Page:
If Obama flexes his presidential muscles, he can lead the country without being tethered to the Hill

In an ideal world President Obama and the Republicans now make nice-nice and everything and everybody in the good old USA are peachy keen.
But let’s get real. The next two years there likely will be nothing but cackling and screaming at the same time on Capitol Hill.
Obama can settle for the prime minister role and hope his administration is not sabotaged by congressional Republicans. Of course, it might be easier for him to get a great deal on an Elvis wristwatch or an Okefenokee time-share.
But if Obama wants stop kicking his potential and promise over a cliff, if he wants to ascend to the pantheon of presidential greatness and have his name chiseled into buildings, he needs to act like the president.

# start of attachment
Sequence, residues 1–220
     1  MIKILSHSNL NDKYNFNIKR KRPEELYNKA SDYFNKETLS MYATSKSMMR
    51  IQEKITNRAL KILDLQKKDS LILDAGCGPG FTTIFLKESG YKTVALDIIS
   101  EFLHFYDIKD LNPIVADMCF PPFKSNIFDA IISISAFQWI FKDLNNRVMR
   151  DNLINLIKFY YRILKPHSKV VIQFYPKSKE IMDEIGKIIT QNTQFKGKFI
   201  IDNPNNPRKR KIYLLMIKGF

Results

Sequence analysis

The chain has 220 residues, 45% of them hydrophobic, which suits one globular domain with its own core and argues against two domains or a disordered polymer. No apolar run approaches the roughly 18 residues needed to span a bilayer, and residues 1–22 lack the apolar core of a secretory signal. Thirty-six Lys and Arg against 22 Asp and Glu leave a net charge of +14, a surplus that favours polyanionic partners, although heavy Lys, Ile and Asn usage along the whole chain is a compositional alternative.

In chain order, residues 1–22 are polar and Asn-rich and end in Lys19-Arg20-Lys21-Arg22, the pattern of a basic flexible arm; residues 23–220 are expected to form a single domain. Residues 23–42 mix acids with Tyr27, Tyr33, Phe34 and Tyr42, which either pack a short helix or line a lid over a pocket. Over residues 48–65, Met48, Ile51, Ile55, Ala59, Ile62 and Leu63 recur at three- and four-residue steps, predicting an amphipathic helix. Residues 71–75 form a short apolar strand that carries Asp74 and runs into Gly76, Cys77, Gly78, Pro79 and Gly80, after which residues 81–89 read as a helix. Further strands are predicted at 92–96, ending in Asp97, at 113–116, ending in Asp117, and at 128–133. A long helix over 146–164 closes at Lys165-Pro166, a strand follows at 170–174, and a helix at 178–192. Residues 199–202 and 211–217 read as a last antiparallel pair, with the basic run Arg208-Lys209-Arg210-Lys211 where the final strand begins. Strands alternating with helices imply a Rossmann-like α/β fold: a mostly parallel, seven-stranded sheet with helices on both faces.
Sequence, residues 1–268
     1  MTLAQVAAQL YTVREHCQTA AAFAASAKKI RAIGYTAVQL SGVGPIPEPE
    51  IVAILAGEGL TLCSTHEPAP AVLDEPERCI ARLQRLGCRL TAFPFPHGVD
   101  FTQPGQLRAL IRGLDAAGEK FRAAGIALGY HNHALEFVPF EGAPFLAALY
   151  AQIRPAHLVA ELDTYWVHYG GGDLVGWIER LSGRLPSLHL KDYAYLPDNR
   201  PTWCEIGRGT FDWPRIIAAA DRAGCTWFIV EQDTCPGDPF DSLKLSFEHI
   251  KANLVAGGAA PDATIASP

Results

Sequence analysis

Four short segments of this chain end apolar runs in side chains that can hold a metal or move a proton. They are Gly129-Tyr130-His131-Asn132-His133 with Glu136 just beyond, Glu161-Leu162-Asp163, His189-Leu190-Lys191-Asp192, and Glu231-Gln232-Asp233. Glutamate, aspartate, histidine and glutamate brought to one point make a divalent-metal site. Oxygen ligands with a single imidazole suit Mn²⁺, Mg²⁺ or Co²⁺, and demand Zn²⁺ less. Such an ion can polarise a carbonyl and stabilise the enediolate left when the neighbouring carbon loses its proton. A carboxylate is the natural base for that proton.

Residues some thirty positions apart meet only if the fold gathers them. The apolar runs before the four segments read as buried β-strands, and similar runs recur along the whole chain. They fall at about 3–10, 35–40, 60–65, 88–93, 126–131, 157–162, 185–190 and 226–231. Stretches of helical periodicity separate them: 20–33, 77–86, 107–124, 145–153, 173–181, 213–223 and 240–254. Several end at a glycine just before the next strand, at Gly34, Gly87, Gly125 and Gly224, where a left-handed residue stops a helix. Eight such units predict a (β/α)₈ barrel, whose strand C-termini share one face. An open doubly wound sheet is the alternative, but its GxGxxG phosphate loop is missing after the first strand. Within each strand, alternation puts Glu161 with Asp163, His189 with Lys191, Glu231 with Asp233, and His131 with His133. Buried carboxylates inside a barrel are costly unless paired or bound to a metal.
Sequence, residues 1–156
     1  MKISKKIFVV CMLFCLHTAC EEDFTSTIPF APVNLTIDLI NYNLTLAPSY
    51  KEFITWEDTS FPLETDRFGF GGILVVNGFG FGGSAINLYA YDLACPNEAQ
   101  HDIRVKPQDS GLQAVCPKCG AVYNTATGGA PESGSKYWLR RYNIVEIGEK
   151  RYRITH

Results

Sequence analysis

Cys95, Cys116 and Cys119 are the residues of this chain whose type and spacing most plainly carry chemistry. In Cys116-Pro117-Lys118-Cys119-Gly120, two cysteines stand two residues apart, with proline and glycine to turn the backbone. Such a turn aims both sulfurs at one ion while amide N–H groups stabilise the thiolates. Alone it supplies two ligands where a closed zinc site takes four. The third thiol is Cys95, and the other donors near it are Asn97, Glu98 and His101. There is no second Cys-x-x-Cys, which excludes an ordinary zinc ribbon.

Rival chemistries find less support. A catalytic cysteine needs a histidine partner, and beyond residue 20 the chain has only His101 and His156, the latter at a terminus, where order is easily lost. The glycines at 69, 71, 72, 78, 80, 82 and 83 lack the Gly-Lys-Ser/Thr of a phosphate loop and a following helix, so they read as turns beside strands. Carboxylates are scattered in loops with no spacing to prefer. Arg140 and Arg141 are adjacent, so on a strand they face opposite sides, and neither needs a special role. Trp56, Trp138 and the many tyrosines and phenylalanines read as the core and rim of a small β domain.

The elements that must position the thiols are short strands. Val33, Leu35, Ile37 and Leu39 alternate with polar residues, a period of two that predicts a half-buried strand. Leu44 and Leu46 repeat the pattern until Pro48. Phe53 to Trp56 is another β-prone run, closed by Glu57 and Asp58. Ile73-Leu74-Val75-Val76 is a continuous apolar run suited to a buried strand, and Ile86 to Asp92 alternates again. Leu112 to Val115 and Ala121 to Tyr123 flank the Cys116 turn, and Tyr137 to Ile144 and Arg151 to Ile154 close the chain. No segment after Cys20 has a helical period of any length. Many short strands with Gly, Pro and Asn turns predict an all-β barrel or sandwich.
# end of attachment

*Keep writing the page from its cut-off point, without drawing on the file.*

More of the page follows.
The president has to get more muscular with his executive powers — using his regulatory authority, his enforcement powers and his prerogatives as commander in chief to make decisive moves that bypass the congestion of Congress.
Then again, Obama may not have the chops to be a rough rider like Teddy Roosevelt.